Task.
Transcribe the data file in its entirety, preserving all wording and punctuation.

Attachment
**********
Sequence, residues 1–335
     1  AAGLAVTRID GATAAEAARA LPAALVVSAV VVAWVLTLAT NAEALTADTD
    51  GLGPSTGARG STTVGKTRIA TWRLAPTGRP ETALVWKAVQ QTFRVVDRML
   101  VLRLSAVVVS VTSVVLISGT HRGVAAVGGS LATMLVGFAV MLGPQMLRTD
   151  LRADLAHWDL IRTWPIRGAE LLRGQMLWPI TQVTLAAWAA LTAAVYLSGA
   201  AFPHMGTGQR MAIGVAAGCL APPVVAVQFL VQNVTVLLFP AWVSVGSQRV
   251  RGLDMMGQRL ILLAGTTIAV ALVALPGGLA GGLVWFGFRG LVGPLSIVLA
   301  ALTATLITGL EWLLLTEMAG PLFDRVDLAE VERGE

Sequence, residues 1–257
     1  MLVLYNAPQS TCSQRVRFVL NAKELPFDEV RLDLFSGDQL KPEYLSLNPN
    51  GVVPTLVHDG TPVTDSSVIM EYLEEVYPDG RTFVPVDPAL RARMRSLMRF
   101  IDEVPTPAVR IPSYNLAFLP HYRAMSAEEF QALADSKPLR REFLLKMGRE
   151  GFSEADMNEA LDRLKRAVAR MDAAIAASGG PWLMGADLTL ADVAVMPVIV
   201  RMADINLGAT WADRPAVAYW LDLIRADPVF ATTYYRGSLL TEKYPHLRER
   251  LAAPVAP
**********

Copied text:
Sequence, residues 1–335
     1  AAGLAVTRID GATAAEAARA LPAALVVSAV VVAWVLTLAT NAEALTADTD
    51  GLGPSTGARG STTVGKTRIA TWRLAPTGRP ETALVWKAVQ QTFRVVDRML
   101  VLRLSAVVVS VTSVVLISGT HRGVAAVGGS LATMLVGFAV MLGPQMLRTD
   151  LRADLAHWDL IRTWPIRGAE LLRGQMLWPI TQVTLAAWAA LTAAVYLSGA
   201  AFPHMGTGQR MAIGVAAGCL APPVVAVQFL VQNVTVLLFP AWVSVGSQRV
   251  RGLDMMGQRL ILLAGTTIAV ALVALPGGLA GGLVWFGFRG LVGPLSIVLA
   301  ALTATLITGL EWLLLTEMAG PLFDRVDLAE VERGE

Sequence, residues 1–257
     1  MLVLYNAPQS TCSQRVRFVL NAKELPFDEV RLDLFSGDQL KPEYLSLNPN
    51  GVVPTLVHDG TPVTDSSVIM EYLEEVYPDG RTFVPVDPAL RARMRSLMRF
   101  IDEVPTPAVR IPSYNLAFLP HYRAMSAEEF QALADSKPLR REFLLKMGRE
   151  GFSEADMNEA LDRLKRAVAR MDAAIAASGG PWLMGADLTL ADVAVMPVIV
   201  RMADINLGAT WADRPAVAYW LDLIRADPVF ATTYYRGSLL TEKYPHLRER
   251  LAAPVAP